return to saturn


Jacki was the first to turn thirty and she called it the return to saturn. Every 29.5 years, the planet completes an orbit of the sun and returns to the same spot as when you were born. Chaos is meant to ensue. Then, having mounted the obstacles, you enter a new chapter in life. I am ambivalent when it comes to astrology in general, but I like this idea and I feel the chaos. As this chapter closes, I want to document as many things as possible which relate to how I came to work in contemporary art. It is about quantifying and bookmarking my life, saving my references from the oblivion of in-one-ear-out-the-other that typifies our era of rapid communication in which much is shared but nothing is kept or owned or digested properly. 

It’s about understanding my own relationship to culture that is meaningful and connected to life; it’s a way to examine the prejudices: Euro-centric underpinnings, the mark of a religious education, etc. inherent in the usual cultural jaunts, narratives, and interpretations. In an effort to unlearn, one must first acknowledge that which runs deep, what one was taught and how that colors any effort to expand or change course. As Spivak says: “do not accuse, do not excuse…” (and also: “I’m a Europeanist, after all!”) Time to expose, perform an exegesis, and go from there.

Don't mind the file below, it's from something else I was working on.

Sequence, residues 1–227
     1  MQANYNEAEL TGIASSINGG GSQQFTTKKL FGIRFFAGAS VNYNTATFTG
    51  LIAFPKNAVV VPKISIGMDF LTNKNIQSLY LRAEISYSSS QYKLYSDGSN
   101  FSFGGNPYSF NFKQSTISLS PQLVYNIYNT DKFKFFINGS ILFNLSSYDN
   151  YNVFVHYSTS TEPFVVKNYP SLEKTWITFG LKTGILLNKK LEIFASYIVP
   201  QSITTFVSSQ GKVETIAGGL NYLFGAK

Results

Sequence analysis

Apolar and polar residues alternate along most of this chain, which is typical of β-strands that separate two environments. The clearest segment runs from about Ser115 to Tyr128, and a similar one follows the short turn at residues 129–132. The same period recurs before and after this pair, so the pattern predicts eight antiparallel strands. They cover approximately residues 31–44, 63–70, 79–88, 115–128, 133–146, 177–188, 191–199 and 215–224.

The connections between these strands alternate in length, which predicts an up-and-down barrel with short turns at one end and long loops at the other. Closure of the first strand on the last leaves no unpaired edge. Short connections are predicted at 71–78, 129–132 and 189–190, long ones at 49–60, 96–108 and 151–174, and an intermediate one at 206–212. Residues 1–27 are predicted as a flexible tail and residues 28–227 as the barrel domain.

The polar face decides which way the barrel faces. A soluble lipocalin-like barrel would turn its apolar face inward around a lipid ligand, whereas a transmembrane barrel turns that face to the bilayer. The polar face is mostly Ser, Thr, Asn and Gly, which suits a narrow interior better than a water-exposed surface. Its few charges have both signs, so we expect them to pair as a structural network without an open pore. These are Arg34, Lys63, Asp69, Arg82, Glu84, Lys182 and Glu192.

This is also a space in which I can express and not restrict the natural course of my mind: one thing leads to another, always a helicopter spinning and not landing. But the project itself, once completed, will be a landing. And if I am an attentive captain, when this project closes, I’ll have accomplished something concrete, and produced a document.

This is a document of the highs that come with these associations, and the mapping of so much material that is inspiring, or weighted, or both. A blog was an economic and natural choice as I can connect ideas and material through tags. Things can live side by side but also appear months apart in time. Hyperlinks may connect ideas as well. Yet I need to take things in in a linear fashion. I need things to be clear, to have a logic and flow, things must unfold in time and in relation to another in a legible fashion. Therefore, I chose a simple and clean template to start and intend that this project is experienced as something live. 

It was spurred while I was watching a documentary on Balmain, with the mention of Gertrude Stein writing about the house’s first show, which took place in 1945 just following the liberation, for Vogue Magazine. I needed to find this piece and I needed to share it. I no longer wanted to be a magazine editor, I wanted to be a writer, and yet that urge to put things out into the world regardless of whether or  not they were produced by me is not something that goes away, no matter what hat you decide to put on in the morning to professionally self-identify.


Gertrude Stein wearing Balmain suit
Horst P. Horst (1906–1999)
Gelatin silver print, 1946
Courtesy Horst P. Horst Estate, Miami

And this came directly after a youtube video of a lecture by Leonard Cohen in 1964, this random, decontextualized document… it was a retort to a talk by someone else, and Cohen mentioned by him by name but ostensibly he was not important enough to include in the video. And I needed to share this position, because it was so raw and honest, and still relevant 50+ years later. Yet I had no idea what it was. So to do this project was also a means to publish and to find out and then to share it, to take license. This is the internet age, and the age of acceleration, godammit. And the alternative is just to lose grasp of it all.